Film Scouts on the Riviera 1999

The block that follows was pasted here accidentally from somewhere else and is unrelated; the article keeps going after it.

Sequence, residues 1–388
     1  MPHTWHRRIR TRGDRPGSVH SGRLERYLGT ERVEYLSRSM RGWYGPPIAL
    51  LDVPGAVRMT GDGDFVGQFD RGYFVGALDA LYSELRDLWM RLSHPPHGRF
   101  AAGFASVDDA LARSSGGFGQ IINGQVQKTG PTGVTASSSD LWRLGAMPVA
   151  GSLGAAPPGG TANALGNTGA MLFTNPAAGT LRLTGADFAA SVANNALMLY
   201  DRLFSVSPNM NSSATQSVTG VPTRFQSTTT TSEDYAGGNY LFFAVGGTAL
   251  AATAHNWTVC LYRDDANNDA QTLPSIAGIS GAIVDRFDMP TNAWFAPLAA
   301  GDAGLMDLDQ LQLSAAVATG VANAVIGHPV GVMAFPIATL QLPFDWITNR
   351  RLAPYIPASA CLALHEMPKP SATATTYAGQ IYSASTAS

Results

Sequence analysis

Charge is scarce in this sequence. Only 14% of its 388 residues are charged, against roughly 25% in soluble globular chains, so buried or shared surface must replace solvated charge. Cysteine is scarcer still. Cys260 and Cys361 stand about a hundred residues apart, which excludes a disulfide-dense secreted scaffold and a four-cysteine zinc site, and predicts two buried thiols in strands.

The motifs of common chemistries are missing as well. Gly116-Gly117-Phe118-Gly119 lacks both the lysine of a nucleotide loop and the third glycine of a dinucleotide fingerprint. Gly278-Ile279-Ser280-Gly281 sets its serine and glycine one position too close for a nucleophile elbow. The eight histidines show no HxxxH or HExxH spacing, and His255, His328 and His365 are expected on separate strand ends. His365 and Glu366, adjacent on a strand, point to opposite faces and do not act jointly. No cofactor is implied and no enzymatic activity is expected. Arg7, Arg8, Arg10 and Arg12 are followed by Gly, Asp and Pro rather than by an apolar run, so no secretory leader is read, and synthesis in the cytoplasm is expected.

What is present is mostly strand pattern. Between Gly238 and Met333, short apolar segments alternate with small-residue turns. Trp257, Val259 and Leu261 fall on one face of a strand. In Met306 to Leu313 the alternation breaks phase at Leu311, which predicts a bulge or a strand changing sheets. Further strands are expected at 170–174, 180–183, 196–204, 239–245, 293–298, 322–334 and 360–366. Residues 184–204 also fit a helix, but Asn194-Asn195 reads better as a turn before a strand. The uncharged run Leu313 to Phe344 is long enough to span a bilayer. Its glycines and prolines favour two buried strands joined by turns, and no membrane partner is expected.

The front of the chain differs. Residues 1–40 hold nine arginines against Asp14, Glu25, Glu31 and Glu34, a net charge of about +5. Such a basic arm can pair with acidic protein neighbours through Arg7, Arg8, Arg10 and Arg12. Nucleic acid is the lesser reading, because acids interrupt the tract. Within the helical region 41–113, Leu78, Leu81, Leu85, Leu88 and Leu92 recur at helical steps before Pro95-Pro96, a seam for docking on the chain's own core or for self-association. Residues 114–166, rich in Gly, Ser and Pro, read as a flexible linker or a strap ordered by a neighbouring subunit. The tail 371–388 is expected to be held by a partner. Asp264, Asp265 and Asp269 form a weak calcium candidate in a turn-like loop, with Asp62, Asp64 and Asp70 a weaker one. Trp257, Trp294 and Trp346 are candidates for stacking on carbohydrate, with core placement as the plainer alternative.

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Overall, this year's Cannes lineup was characterized by perfectly good movies that rest a notch or two below their directors' finest work. Jim Jarmusch's "Ghost Dog" is no "Dead Man" and Atom Egoyan's "Felicia's Journey" is no "The Sweet Hereafter," just as Raoul Ruiz's "Time Regained" is no "Top of the Whale" and Peter Greenaway's "8 1/2 Women" is no "A Zed and Two Naughts." The same holds true for the Palme d'Or winner, "Rosetta," which recalls Luc and Jean-Pierre Dardenne's explosive "La Promesse" without reaching quite the same level of inspiration and originality. The heroine is a teenage girl vainly struggling to get her life in order despite the crushing burdens of a claustrophobic home, an alcoholic mother, and an inadequate social safety net that utterly fails her. The movie works better as personal drama than social commentary; its main political message, about the need for better social services in Belgium, is important but worked out with less conviction than in "La Promesse," and seems almost perfunctory compared with, say, the amazing "Ladybird Ladybird" by old-pro activist Ken Loach. "Rosetta" is very effective as a scathing story of desperate youth, though, sparked by the Dardennes' propulsive hand-held cinematography and by Emilie Dequenne's prizewinning portrayal of the title character. It's a small picture, but a memorable one.